The worst parts of the body is the passenger rocker (as I mentioned above). That has had work done on the inner and outer (see pictures). The inside had a piece riveted in and not too sure what is hiding under the body filler. But there was a couple of holes noticed. So there is patch work that is needed.

Trim: it would appear that I have everything. More digging is required obviously, but not the most pressing issue at the moment.

Interior: As mentioned above, it appears to be in okay shape. Some of the mole skin is thinning out in areas that will need addressed. Besides the much needed deep clean, overall, its great!

Engine bay: there is a lot of things missing in there, obviously haha. But again I was told I have everything. The car appears to have been converted to manual steering. The manual cross link is there, but the power steering pump is tied off to the side. So haven't decided if I will leave it manual, or put the power back in (the power cross link is in the Packard Shed). I located the fly wheel, pressure plate and clutch for it. The clutch looks brand new! However the clutch is only a 10"... I was informed the clippers got the 10" and the Packards got the 11", but I was also told you couldn't get a Packard with the 3 speed manual. So not too sure what to do there.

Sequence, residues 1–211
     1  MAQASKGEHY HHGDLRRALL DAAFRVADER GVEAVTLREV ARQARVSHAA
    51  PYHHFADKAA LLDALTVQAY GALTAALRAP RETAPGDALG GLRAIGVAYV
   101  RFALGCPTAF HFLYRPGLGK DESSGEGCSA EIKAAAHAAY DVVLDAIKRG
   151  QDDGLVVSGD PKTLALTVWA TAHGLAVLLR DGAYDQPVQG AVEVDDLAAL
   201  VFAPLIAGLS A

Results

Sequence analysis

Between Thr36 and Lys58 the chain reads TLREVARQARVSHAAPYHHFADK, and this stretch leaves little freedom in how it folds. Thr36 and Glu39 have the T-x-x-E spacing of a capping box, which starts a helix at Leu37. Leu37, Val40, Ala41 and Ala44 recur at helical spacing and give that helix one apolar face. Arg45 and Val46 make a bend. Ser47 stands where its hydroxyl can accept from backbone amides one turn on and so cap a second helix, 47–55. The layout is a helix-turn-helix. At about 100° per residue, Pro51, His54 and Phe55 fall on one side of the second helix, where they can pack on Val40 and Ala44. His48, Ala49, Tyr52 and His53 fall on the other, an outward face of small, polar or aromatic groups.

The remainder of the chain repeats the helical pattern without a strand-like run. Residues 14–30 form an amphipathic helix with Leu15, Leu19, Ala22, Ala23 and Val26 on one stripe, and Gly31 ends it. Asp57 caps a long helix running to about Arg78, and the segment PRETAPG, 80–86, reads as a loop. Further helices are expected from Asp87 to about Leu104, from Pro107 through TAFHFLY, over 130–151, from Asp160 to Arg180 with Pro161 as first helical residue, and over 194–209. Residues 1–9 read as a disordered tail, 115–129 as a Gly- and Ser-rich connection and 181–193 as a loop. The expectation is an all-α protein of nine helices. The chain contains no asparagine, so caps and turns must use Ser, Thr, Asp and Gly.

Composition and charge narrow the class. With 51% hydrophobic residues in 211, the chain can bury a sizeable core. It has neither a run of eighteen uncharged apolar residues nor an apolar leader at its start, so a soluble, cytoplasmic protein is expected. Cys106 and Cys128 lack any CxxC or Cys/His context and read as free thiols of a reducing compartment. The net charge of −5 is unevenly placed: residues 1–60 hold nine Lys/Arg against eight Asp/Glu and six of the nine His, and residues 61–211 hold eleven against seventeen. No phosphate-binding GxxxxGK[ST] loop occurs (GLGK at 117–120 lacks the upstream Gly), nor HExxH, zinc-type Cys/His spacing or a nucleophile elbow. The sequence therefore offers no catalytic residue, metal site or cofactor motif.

The trans does have the over drive on it, and it does appear to have 2 sets of drain/fill plugs, one set for the main transmission and one for the overdrive unit? Am I understanding that correctly? The Trans and OD tail shaft have their own "reservoirs" of gear lube?

Rear End: this probably has to be the most concerning part of the investigation. I got the back end up on jacks and made a mark on the rear wheel and drive shaft. I rotated the wheel one rotation and the drive shaft barely got two revolutions, which tells me the rear end has not been converted to the different gearing as I was lead to believe (if I did that test right). So the lowest gear according to the service manual would be 2.87's where the 3.54 and 4.09s were had with the manual. So if I am correct, that will need to be addressed. Is removing the rear axle with the torsion ride suspension difficult? The only tag on the housing is one that has a "T", not one that listed the ring and pinion gear tooth count (like the service manual says). So if I want to indeed be sure, that inspection cover needs to come off.

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Posted on: 2020/1/28 7:27
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Re: Vacation Car - 56 Patrician
#40
Quite a regular
Quite a regular


Thanks all for the support!! I quite havent figured out how to quote multiple posts with in one reply, so Ill just do this manually: